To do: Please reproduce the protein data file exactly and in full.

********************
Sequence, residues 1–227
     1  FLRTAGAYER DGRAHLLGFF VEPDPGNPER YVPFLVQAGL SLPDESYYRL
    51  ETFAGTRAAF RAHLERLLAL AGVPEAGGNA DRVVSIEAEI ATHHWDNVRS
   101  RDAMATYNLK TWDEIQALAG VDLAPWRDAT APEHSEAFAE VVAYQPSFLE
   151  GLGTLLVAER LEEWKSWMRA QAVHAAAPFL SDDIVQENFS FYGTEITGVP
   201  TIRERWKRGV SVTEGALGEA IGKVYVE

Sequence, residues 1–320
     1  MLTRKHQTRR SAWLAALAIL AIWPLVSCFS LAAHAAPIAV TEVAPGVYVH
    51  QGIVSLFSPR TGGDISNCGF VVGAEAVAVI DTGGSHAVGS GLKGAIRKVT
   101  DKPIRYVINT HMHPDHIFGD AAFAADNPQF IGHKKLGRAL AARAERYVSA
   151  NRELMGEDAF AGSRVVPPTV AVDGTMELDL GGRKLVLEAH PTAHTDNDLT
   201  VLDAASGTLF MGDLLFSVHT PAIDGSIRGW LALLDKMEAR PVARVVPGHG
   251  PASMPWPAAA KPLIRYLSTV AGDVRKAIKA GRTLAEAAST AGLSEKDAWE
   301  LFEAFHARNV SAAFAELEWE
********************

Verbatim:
Sequence, residues 1–227
     1  FLRTAGAYER DGRAHLLGFF VEPDPGNPER YVPFLVQAGL SLPDESYYRL
    51  ETFAGTRAAF RAHLERLLAL AGVPEAGGNA DRVVSIEAEI ATHHWDNVRS
   101  RDAMATYNLK TWDEIQALAG VDLAPWRDAT APEHSEAFAE VVAYQPSFLE
   151  GLGTLLVAER LEEWKSWMRA QAVHAAAPFL SDDIVQENFS FYGTEITGVP
   201  TIRERWKRGV SVTEGALGEA IGKVYVE

Sequence, residues 1–320
     1  MLTRKHQTRR SAWLAALAIL AIWPLVSCFS LAAHAAPIAV TEVAPGVYVH
    51  QGIVSLFSPR TGGDISNCGF VVGAEAVAVI DTGGSHAVGS GLKGAIRKVT
   101  DKPIRYVINT HMHPDHIFGD AAFAADNPQF IGHKKLGRAL AARAERYVSA
   151  NRELMGEDAF AGSRVVPPTV AVDGTMELDL GGRKLVLEAH PTAHTDNDLT
   201  VLDAASGTLF MGDLLFSVHT PAIDGSIRGW LALLDKMEAR PVARVVPGHG
   251  PASMPWPAAA KPLIRYLSTV AGDVRKAIKA GRTLAEAAST AGLSEKDAWE
   301  LFEAFHARNV SAAFAELEWE